How Specialty Brands are Driving Sales on Facebook – Q&A with Dave Eisenberg of Bonobos

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In our continuing series on Facebook advertising, today we turn our attention to e-commerce brands using Facebook and the Facebook Platform to reach their target niche demographics. While many small to medium sized etailers drive a large portion of their sales through search marketing, many are beginning to experiment with different marketing channels inside Facebook to reach new customers.

Inside Facebook recently sat down with Dave Eisenberg, VP of Marketing at Bonobos, a rapidly growing designer and retailer of high-quality hand-made pants for men. Below, Dave shares advice on reaching the right target demographic inside Facebook, his perspective on how the Facebook advertising market has changed over recent months, and the opportunities and challenges Bonobos sees ahead in 2009.

Thanks for your time today Dave. Could you give us a little background on your experience with Bonobos on Facebook?

We were one of the earliest folks to invest in the Social Ads platform.  I quickly became very excited because the clicks that we were able to get from our targeted demographic were less expensive than those we acquired from people searching for men’s pants in particular.

Some of the early experiments we ran were against schools where we thought our products might be popular.  We also had a particular pant that was done in the Chicago Cubs blue colors, and we were able to run ads against people in Chicago who had a Cubs interest.  It was really easy to do targeted advertisements and track the clicks. From there I was able to use Google Analytics to track what was converting, and it was great to see what I could pay for a new customer.

We were one of Facebook’s top small business advertisers last fall.  Since then, so many more people have jumped onto Facebook’s advertising platform that the costs have gone up, and the ROI decreased somewhat in December.  We’re just not as unique any more.

Why did you want to be one of the earlier adopters of Social Ads?

In a way that is very different from SEM, Facebook offers a chance to do passive display using the information that Facebook users are sharing to help your targeting. For example, last year we named one pant after Obama and another after McCain, and we could target ads for each of them to people who supported one candidate or the other.  This was a really cheap way to get people to show up on the site and check us out for the first time.

In addition, our ad was a breath of fresh air for people who were dissatisfied with the quality of the ads generally. We have spent the bulk of our efforts targeting men between the ages of 25 and 45.

How do you measure the ROI on your Facebook campaigns?

Any new business is interested in how many visitors it has.  However, what moves the bottom line is a person who tries out our product, enjoys it, and comes back.  There’s nothing as important as new customer acquisition for us.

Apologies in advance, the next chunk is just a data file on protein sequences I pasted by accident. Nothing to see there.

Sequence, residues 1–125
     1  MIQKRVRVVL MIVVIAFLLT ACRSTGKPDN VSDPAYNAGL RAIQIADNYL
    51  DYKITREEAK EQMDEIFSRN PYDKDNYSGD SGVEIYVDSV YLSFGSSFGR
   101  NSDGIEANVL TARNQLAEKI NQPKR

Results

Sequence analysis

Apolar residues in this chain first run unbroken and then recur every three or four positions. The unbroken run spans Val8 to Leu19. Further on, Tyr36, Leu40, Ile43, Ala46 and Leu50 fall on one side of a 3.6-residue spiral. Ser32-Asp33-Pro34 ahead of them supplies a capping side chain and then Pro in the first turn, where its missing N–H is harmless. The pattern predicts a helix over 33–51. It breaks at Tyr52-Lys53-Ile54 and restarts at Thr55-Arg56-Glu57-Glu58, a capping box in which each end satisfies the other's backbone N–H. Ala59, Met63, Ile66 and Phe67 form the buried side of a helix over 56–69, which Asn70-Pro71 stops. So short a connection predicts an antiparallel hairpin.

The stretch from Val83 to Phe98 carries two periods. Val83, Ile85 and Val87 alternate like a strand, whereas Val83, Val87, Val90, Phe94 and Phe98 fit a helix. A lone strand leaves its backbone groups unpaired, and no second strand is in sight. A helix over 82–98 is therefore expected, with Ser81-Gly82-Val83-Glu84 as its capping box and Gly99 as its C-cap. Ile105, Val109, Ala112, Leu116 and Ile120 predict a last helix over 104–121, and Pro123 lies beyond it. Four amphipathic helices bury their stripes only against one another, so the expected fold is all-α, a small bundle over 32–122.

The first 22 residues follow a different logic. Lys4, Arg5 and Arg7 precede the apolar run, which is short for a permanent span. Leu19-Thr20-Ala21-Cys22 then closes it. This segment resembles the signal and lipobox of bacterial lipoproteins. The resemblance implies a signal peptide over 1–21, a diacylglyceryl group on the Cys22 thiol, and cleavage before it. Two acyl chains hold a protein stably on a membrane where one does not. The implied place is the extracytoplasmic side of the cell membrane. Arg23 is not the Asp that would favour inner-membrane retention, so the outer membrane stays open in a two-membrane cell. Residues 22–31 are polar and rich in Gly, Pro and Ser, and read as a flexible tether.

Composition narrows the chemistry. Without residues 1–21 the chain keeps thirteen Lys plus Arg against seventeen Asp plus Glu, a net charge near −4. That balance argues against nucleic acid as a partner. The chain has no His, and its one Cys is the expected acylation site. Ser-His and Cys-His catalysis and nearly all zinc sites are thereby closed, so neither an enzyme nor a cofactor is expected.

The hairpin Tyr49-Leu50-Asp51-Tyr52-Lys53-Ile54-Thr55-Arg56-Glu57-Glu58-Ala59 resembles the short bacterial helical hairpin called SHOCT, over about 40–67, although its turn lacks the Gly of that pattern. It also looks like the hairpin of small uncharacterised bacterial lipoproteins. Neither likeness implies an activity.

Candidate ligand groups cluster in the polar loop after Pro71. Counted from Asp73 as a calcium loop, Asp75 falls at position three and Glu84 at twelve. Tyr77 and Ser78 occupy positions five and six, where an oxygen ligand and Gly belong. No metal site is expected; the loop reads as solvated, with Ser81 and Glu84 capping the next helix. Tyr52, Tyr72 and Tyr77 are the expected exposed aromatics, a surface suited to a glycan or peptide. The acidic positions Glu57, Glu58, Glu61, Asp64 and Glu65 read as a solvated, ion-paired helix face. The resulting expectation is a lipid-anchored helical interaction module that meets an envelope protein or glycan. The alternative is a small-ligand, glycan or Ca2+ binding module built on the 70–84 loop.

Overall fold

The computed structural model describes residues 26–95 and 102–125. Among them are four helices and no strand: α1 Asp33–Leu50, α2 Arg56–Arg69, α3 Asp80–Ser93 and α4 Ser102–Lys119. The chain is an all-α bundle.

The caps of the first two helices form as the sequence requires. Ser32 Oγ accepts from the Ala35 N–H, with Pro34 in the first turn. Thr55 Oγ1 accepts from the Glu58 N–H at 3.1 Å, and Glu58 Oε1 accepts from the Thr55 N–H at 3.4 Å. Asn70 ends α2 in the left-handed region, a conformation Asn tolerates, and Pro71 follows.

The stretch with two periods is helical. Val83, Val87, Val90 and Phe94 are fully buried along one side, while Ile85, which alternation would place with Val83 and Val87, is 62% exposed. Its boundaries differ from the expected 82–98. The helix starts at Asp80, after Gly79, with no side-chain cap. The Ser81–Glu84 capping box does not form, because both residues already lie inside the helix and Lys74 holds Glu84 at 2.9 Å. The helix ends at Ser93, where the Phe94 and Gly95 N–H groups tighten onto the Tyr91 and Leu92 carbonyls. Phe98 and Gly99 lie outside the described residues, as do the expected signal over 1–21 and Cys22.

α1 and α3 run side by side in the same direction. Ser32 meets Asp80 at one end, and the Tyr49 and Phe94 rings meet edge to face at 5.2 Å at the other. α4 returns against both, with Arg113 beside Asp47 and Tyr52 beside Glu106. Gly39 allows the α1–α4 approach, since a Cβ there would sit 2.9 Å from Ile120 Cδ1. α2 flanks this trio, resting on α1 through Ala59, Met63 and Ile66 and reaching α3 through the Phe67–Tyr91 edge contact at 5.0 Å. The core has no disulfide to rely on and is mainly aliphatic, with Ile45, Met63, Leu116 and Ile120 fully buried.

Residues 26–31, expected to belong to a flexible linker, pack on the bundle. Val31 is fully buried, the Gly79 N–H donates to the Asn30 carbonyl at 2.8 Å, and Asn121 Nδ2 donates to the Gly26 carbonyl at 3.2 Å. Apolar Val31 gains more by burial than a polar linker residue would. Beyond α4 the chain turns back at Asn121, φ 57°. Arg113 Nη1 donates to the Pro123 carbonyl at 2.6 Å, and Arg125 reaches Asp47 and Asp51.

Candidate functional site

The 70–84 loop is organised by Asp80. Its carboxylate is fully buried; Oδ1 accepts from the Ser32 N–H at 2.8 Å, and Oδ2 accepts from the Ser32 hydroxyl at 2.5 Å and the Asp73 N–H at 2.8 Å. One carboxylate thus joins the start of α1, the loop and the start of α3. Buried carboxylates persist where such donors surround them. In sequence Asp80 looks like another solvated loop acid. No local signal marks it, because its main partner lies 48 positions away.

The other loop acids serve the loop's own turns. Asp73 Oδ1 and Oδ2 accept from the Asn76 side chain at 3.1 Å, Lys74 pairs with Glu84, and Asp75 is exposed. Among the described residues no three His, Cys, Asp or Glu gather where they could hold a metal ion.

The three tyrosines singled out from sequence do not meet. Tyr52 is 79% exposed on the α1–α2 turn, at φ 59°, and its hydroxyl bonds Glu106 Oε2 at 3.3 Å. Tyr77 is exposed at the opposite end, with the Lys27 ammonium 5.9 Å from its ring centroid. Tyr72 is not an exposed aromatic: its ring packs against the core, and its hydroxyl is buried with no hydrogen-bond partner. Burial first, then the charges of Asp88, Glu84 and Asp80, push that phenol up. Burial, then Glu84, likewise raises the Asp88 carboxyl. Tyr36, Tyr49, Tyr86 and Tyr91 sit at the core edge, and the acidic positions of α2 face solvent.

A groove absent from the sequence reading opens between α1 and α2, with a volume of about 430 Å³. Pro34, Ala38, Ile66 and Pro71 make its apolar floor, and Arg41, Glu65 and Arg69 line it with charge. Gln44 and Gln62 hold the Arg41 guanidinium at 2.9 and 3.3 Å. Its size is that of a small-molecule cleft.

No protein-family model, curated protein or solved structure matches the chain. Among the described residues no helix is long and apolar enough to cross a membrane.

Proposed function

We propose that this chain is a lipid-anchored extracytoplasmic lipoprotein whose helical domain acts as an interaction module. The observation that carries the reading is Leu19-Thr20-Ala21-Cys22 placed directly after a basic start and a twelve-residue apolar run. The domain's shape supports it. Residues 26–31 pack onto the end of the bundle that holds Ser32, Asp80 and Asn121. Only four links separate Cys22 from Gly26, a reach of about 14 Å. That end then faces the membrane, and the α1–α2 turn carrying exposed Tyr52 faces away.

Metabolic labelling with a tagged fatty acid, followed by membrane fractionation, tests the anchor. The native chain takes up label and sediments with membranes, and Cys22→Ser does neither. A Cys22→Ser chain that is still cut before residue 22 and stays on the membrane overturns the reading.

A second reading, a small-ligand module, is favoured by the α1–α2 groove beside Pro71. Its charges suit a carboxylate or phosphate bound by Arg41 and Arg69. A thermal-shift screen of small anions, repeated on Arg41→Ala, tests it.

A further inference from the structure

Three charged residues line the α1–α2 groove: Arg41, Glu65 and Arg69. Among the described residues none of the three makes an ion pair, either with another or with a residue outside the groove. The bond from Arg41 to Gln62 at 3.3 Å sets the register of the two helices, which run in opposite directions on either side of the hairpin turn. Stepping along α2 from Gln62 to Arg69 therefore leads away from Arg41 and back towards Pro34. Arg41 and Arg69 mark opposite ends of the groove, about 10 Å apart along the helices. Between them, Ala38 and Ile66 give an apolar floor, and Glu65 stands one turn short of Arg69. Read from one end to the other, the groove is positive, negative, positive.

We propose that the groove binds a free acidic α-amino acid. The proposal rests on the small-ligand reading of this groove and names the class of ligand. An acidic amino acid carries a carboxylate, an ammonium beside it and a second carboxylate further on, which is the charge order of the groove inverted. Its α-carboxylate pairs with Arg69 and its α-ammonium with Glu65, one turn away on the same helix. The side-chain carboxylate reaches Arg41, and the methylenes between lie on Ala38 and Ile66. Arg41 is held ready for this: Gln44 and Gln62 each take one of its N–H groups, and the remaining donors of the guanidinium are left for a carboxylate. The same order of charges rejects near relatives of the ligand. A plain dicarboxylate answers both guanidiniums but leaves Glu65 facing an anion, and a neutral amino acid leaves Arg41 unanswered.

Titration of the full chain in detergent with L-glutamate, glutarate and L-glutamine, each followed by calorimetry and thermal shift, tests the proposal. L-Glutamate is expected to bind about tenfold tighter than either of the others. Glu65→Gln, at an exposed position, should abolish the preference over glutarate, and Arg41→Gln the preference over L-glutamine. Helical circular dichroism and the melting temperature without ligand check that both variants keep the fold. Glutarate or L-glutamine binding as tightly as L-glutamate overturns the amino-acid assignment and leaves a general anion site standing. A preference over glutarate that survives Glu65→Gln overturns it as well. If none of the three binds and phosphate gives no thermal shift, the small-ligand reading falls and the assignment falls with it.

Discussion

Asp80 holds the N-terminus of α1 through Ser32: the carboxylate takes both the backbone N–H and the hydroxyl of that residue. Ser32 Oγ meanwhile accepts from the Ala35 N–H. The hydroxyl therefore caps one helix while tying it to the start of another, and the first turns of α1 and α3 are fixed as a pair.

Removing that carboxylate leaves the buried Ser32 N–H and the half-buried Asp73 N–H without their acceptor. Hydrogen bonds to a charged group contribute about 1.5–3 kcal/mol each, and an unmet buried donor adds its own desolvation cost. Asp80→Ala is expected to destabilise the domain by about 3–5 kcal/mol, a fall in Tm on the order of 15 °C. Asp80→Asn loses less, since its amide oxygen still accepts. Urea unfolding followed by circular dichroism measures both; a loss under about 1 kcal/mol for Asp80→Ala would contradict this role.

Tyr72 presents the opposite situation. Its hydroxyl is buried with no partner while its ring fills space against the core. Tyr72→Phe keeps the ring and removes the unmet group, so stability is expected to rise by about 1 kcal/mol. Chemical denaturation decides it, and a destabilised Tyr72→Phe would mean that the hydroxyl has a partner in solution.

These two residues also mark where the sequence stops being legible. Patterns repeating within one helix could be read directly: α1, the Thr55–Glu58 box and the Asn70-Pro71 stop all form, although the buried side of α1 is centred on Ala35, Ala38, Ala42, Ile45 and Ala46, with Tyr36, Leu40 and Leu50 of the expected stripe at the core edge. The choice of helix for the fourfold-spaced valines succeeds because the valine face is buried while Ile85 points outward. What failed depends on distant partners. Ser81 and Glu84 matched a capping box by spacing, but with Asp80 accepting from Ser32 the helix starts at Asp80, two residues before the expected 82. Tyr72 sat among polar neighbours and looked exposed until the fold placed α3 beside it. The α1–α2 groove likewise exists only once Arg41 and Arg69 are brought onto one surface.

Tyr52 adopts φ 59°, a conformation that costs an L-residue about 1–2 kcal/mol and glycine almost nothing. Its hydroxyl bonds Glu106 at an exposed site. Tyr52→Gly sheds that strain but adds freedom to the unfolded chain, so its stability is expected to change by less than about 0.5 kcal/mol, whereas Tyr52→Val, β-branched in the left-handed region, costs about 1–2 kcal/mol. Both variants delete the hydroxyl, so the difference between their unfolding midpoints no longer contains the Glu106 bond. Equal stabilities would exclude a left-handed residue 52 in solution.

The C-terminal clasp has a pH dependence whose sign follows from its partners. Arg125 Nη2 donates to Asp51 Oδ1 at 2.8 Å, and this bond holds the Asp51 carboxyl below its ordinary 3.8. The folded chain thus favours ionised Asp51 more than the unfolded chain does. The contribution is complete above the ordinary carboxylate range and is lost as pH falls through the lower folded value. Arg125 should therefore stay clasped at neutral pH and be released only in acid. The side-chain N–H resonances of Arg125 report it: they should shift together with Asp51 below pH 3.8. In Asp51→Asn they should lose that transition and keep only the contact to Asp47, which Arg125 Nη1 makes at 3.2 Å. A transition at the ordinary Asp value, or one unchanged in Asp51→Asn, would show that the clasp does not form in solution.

That being said, visitors are important and word of mouth conversations that help people hear about us are also important.  There are a lot of influential people on Facebook, and our ads have done better as more people over 30 have signed up for Facebook.

How would you suggest Facebook needs to improve its advertising solutions?

For one thing, in some cases national advertisers are starting to price out local advertisers.  Clicks that started in the $0.10 range are now above $1.00, so Facebook will need to address the impression limitations that will arise. They almost need to subsidize the local advertisers.

However, in the bigger picture, Facebook needs to undertake figuring out who is willing to use Facebook for shopping and who isn’t. People who are should receive better ads, they should see more ads, and they should be more expensive to reach. Many of our clients say that we’re one of the only ads they’ve ever clicked on. We want to play against the relevant folks.

It’s part of a broader question about how internet advertising is going to evolve on a performance basis. I’d love to pay for acquired customers. Facebook could figure out more ways to promote our page. If it costs the same amount to promote my Facebook Page and my website, I’m going to choose my site because I can track what users are doing there. Facebook has worked for us for quite a long time, but now it needs to find the next new thing.

If Facebook were able to more deeply measure user engagement after the click, that could make for a more efficient pricing system.

Yes, you almost need a way to track user satisfaction or a mechanism for users to provide more guidance on what kinds of ads they would like to see. For example, my friends who are gay have said that they have seen racier ads on Facebook. Hearing that has made me more conscious about what I put in my profile.  It’s almost like you want people to opt in to certain kinds of advertising.

There may also be some interesting opportunities with Facebook Connect coming up.

Facebook Connect is going in a great direction.  All of the things that it enables are very powerful.  Anything they did that would do more to let me show that I want to integrate shopping with social media would help. For example, integrating on landing pages. In a lot of ways we want the benefits of Beacon, but in a way that users understand. Deeper integration with sites where users want to engage with the ads would be great for everyone involved.

Thanks a lot Dave. Any final thoughts?

Facebook has been a very predictable channel for us. However, we’re starting to get squeezed out a little, so Facebook should start figuring out how to get small businesses back into the game more.

Dave was also kind enough to offer a special discount on Bonobos pants to readers of Inside Facebook. You can get $25 off your first purchase of Bonobos by using the coupon code insidefacebook at